Food and Travel (Singapore) - - Eating Well -

Tea is a uni­ver­sal drink — it is con­sumed al­most ev­ery­where and ap­pre­ci­ated by many cul­tures all over the world. From its home­land of China it has spread to the rest of South­east Asia and be­yond. The rea­sons for its con­sump­tion are nu­mer­ous, but for many it comes back down to sim­ple habit, en­joy­ment, and re­lax­ation.

That said, these aren’t the only rea­sons to love tea.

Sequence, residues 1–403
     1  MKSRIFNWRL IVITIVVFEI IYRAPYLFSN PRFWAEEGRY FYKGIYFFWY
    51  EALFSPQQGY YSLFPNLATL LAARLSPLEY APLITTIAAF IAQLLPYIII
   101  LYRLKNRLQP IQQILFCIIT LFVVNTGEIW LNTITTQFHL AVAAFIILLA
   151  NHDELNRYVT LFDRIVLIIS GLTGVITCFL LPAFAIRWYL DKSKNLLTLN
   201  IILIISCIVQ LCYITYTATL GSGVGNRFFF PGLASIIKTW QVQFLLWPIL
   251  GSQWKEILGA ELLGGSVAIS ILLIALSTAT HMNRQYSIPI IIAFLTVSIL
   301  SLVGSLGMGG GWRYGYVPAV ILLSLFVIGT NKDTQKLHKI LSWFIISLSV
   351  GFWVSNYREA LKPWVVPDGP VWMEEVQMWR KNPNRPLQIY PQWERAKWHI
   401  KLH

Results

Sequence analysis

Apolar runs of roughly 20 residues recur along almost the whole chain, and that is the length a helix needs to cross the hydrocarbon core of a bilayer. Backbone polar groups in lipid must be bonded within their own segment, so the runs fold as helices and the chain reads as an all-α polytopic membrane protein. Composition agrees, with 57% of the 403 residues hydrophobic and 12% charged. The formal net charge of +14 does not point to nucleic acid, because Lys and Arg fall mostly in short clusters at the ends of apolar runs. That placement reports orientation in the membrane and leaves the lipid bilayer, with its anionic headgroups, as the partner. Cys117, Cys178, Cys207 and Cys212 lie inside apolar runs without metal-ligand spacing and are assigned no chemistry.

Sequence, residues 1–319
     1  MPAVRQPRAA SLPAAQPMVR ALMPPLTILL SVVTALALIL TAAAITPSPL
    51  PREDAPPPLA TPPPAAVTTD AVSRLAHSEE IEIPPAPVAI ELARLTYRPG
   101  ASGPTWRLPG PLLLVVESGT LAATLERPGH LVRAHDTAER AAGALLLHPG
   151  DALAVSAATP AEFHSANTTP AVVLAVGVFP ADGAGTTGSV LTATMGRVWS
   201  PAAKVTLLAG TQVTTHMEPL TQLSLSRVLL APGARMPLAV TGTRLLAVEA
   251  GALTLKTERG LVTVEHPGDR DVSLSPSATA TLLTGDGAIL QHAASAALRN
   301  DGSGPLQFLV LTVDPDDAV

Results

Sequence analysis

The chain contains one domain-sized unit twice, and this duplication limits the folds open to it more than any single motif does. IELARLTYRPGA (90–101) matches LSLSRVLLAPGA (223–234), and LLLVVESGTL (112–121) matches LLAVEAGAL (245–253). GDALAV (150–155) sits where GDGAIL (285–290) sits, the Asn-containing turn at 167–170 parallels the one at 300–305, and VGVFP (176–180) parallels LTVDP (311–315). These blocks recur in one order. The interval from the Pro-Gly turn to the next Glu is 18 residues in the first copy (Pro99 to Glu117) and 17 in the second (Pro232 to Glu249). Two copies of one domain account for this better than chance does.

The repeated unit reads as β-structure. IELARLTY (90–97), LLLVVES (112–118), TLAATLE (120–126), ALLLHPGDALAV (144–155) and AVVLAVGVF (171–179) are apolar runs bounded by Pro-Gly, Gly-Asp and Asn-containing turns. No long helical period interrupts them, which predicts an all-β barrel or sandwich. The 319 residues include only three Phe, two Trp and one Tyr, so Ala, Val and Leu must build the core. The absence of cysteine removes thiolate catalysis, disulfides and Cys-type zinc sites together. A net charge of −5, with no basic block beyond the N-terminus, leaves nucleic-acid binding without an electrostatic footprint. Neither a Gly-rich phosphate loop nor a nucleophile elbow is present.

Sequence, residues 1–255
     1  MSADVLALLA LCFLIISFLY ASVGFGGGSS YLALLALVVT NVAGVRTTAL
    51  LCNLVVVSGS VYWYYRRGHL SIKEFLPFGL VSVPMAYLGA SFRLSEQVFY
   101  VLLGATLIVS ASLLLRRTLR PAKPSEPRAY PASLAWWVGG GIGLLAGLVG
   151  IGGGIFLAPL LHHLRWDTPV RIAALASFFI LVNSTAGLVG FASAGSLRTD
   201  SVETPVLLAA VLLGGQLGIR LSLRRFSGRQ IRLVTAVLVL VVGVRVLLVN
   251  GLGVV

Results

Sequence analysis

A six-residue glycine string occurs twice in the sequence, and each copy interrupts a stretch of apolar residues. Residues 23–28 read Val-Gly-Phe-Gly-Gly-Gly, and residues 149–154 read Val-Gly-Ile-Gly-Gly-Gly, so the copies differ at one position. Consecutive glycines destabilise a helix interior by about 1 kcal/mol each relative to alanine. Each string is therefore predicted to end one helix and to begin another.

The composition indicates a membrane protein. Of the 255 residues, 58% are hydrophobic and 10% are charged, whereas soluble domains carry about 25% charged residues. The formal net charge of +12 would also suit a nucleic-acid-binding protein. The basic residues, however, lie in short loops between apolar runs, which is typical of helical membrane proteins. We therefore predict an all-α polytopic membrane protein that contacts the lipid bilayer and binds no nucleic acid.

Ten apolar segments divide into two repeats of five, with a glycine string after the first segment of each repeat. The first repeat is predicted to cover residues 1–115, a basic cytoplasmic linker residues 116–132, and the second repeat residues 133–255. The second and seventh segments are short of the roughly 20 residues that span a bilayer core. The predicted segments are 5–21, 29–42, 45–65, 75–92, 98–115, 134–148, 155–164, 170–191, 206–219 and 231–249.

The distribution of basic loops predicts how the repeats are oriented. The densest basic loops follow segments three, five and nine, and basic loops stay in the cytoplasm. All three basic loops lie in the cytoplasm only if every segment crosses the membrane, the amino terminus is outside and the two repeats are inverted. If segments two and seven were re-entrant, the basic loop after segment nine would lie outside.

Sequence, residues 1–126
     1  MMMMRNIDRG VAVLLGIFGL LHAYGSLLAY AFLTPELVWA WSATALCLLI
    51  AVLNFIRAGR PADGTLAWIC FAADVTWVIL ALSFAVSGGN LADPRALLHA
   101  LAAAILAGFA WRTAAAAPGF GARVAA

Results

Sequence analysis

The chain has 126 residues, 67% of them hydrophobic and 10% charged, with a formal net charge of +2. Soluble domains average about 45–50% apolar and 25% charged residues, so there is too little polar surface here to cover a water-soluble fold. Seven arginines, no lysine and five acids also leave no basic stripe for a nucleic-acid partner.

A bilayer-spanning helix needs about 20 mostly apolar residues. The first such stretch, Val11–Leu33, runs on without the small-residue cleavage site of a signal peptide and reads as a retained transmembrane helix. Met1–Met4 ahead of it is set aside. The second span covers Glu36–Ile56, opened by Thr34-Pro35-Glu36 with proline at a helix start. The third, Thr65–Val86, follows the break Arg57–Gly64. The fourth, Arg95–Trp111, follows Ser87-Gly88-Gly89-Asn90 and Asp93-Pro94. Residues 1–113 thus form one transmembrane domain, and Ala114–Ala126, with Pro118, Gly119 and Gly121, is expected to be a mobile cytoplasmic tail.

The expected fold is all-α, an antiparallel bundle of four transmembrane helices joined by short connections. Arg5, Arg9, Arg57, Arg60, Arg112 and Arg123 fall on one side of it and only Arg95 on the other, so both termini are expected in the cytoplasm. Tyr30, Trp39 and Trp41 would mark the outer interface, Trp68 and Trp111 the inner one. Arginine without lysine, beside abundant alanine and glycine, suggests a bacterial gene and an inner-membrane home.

In re­cent years, es­pe­cially in the west, tea suf­fered a dip in pop­u­lar­ity as cof­fee rose up and be­came king. Now, we are be­gin­ning to see a re­ver­sal; the western in­ter­est in tea’s health ben­e­fits has sparked the in­ter­est of sci­en­tists and brewed up count­less sci­en­tific stud­ies on why and how the drink is so good for us. This has led to an in­crease in in­ter­est not just in the generic tea we buy in su­per­mar­kets, but some very spe­cial va­ri­eties of tea that are just be­ing dis­cov­ered. We’re about to let you into the now-un­locked se­crets of these unique teas. Now this is a tea many truly haven’t heard of. Pur­ple tea is an ab­so­lute plea­sure, grown al­most ex­clu­sively in the African coun­try of Kenya, how­ever it is now also be­gin­ning to catch on in In­dia and Viet­nam. It con­tains an­tho­cyanin, found al­most ex­clu­sively in pur­ple va­ri­eties of plants, giv­ing this tea many of the qual­i­ties of red grapes and wine. An­tho­cyanin par­tic­u­larly con­trib­utes to the pur­plish colour seen bran­dished boldly upon the plant’s leaves. It also cre­ates a pur­ple-tinged brew. It isn’t known whether the ben­e­fits of an­tho­cyanin will find them­selves in your cup of pur­ple tea, how­ever peo­ple whose di­ets are rich in the flavonoids have gen­er­ally shown them­selves to be

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